As anyone whose surfed the web lately knows, there are increasingly more options for exploring anatomy. Three-dimensional and now augmented reality have become new options for learning.
But do students really learn better?
Research is just starting to answer this question. This study in Anatomy and Cell Biology found that 3D learning “is not very helpful in acquiring deep anatomical knowledge or memorizing the location of anatomical structures” but does have other benefits. A paper in Academic Medicine found that the benefits from 3D computer-based anatomy learning may be “more imagined than real.”
What’s clear—from scores of evidence-based feedback and decades of experience and testimonials—is that there’s nothing more effective (and, some say, enjoyable) than literally getting your hands into it. (We documented the positive results of research related to Anatomy in Clay here.)
There is nothing like using clay to form muscles around model skeletons in a class using the Anatomy in Clay® Learning System class. This kind of experience has proven to be an optimal learning process. Like riding a horse, surfing, changing a flat tire, or kneading bread dough, the feel of and actual feelings of that moment are key.
In an Anatomy in Clay® course, the tactile phenomena seal indelible memories of your own actions, accompanied by the presenter’s knowledge, in your mind for a lifetime. It’s these neurological connections and muscle memories that impact your learning more effectively than any smart phone app or laptop software.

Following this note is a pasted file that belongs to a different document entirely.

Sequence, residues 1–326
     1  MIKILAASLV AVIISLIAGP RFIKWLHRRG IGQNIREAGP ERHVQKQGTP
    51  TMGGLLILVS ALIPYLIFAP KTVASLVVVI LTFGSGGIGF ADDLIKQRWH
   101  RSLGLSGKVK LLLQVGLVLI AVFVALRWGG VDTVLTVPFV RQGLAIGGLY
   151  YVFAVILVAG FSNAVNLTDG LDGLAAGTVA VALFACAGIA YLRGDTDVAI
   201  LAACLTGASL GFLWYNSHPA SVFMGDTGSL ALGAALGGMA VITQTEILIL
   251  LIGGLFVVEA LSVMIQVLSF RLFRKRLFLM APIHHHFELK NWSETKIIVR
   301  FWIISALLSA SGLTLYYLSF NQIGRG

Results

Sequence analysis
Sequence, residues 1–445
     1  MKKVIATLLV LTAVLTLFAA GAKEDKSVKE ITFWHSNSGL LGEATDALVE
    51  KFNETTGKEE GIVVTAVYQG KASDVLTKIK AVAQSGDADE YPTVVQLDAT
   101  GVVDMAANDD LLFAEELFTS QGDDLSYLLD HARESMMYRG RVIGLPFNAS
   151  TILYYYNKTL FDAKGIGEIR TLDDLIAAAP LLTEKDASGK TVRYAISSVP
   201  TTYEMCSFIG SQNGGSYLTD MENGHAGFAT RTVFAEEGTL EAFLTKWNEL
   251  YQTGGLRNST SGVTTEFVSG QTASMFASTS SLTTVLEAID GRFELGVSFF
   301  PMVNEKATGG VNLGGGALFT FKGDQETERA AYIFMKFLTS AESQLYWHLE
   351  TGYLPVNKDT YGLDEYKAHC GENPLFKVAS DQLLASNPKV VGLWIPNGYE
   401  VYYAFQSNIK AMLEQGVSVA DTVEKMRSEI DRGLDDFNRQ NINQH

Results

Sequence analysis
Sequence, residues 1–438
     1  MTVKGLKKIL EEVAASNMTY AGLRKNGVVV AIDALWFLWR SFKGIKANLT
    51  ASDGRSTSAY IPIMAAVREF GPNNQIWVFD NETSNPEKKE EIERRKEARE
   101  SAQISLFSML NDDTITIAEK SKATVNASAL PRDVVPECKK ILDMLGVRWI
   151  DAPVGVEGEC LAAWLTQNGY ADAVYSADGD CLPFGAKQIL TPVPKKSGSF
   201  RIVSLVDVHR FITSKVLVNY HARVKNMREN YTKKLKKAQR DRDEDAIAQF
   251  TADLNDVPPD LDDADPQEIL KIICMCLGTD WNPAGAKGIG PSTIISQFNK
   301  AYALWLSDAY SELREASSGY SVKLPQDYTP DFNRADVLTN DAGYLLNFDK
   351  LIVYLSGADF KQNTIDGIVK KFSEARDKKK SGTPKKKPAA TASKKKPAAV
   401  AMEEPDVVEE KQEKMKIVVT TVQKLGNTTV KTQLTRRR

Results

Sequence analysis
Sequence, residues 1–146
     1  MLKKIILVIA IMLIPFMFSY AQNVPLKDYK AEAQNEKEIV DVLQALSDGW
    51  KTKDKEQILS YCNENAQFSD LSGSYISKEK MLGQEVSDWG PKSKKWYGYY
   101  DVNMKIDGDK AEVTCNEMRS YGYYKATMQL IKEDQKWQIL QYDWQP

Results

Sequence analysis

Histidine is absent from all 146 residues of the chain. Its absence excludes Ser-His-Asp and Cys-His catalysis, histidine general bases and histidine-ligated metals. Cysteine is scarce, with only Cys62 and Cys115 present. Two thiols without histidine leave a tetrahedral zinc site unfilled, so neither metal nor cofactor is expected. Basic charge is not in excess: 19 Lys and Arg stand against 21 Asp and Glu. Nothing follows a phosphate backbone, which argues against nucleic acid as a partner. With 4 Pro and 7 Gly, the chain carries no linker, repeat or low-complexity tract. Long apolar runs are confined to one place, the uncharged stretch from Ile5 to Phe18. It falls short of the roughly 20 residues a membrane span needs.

Which is not to say these new options aren’t fun!
First, some news on available 3D animals on your phone:
Google has unleashed Augmented Reality Animals, available for most newer phones. There are bunnies, bulldogs, ball pythons, and bears. There are horses, hedgehogs, wolves, and macaws.
You can “place” these animals anywhere for study. Note that your dog might not be impressed by having a Shetland Pony on the scene. Or a penguin. (Photo of unimpressed dog Monty from Mancos, Colorado.)
Of course, those animals were not in the yard with him, but Google AR makes it look like your dog has an animated animal friend when you take pictures or record video while using the feature.
Entertaining? Yes. Educational? No. But your friends might get a laugh.
Google has also worked with Biodigital to bring elements of the human body into focus. It’s pretty cool stuff and has elements of skeletal, digestive, circulation and other features. But as we mentioned, you might not learn a whole lot.
At Virginia Tech, some classes have used virtual reality systems for learning dog anatomy. Students can wear headsets and see large projections of the dog skeleton and organ placement. VR gives the feeling of being inside the dog’s body, said one student.
Need proof? The more tactile experience awaits. Sign up now for the Canine workshop, a six-day experience that starts in late July in Denver.
Social distancing and all Covid19-related precautions will be taken into consideration. Read more about that workshop—and register—here.